Leading from the Left

Thursday, June 28, 2007

More Corruption?

Various newspapapers have reported that the children and grandchildren of State House members have received scholarships from the Legislative Black Caucus. This practice may not be illegal, but given the nearly continuous drip-drip-drip of scandal revelations coming out of the House this is very troublesome.

What're we going to learn next?

Wednesday, June 27, 2007

Why I Voted Against the Budget

Last night I voted against the county's budget. I did so out of a belief that we are not treating our schoolchildren equitably in this county. We have an obligation to ensure that all children, regardless of where they live in the county, receive adequate educational resources. We pay lip service in Orange County to equity and justice, but when the pedal hits the metal we choose perpetuate a system that provides some children with more educational dollars than others.

As I stated at the Commissioner's last budget worksession, I believe that funding the Chapel Hill-Carrboro schools from the district tax puts Orange County schools at a disadvantage. This is easily avoidable and can be rectified without damaging the city schools. Further, I believe this disadvantage is only perpetuated out of inertia. It is time to change how we do business in Orange County.

The district tax warps education funding in Orange County and makes it hard, if not impossible, for the County Schools to keep up.

Let's examine the facts. Both school systems receive just over $3000 in per pupil expenditures. However, and this is key, because of the special district tax for the City Schools, Chapel Hill-Carrboro receives an additional $1400 per pupil. So, the Orange County School system receives just $3000 per student to the Chapel Hill-Carrboro $4400 per student. Under no definition I know of is this equitable or just.

And beyond that it's not in our best interest as a county to continue to operate two school sytems with a funding disparity of that magnitude. Don't get me wrong, I'm not advocating merger. The voters of this county clearly don't support merger, and I respect that. I simply believe we need to back away from using the district tax and instead fund both school systems from the county-wide property tax. Doing so would ensure that every child receives the educational dollars they deserve.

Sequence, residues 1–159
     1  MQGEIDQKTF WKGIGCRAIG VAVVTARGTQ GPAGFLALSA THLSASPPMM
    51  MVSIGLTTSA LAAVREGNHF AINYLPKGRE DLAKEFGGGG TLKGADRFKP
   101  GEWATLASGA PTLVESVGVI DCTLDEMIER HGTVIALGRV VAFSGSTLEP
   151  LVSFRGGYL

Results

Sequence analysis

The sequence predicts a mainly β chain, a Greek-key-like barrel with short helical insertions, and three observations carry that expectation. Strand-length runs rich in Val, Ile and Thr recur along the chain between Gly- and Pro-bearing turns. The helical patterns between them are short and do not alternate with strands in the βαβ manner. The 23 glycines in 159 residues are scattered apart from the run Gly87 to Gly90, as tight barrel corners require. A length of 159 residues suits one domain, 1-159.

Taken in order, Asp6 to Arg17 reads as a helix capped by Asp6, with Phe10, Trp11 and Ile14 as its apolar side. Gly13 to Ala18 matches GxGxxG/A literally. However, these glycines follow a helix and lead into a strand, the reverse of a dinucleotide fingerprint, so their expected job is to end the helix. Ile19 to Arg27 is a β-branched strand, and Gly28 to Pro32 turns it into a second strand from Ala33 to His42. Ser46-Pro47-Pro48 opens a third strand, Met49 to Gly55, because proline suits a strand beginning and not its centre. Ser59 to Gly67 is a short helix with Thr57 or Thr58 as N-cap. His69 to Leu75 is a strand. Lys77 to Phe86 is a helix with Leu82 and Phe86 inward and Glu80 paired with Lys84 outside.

Why am I so committed to this? Here's why. One of our districts has hot water available in school bathrooms. The other district has some schools that don't.

The city school district has high school athletic facilities that are adequate if not excellent. The County district has a high school whose track is in such bad shape that the student athletes must train and compete in a neighboring county.

While the city schools have replaced their ancient heating and air conditioning (HVAC) systems, the county system has some schools with failing HVAC.

Chapel Hill-Carrboro has an AVID program for at-risk students; Orange County Schools does not.

I don't believe these disparities should continue. I believe we need to find a way forward, together, to end the differences between our two sytems. If we continue to use the district tax to fund the city schools, we'll never solve the problem. That's why I support funding our two sytems out of the property tax rate--equally, justly, and transparently.

Again, I believe we have an obligation to treat all schoolchildren equitably and I believe we can help the county schools without hurting the city schools. It's in our best interest as a county to change the way we do business. That's why I voted against the budget.

Thursday, June 21, 2007

Increasing Voter Participation

The State Senate has approved a bill that will allow citizens to register to vote up to 3 days before an election. In doing so, North Carolina will joining a host of other states that have opened up the process. I strongly support this bill and am hoping this action increases voters participation in our state, particularly by young people. Here's the News and Observer article about the bill's passage in the Senate.

Limiting Local Government Authority to Promote Wireless

Corporate forces in NC, particularly the cable industry, are attempting to prevent local governments from establishing innovative technology practices such as downtown wireless networks. They've gotten their supporters in the General Assembly to file HB 1587, "Local Government Fair Competition Act." You gotta love that title, it's a great example of legislative double-speak. HB 1587 is, in reality, a bill that limits local goverment's activity and keeps them from competing in the market place. It takes gall, doesn't it?

For awhile the bill seemed to be gaining traction but now the tide may be turning as Google, Intel, Alcatel-Lucent, and Tropos Networks have come out in opposition to HB 1587. Their opposition is critical because they are strong enough and big enough to go head-to-head with the cable industry and win. To date most of the opposition to this bill has come from a handful of local governments and grassroots activists. (Chapel Hill-based tech activist Brian Russell deserves kudos for shining the spotlight on this bill and getting folks to start paying attention). But having these four tech companies on our side may help turn the tide in the General Assembly against this misguided bill.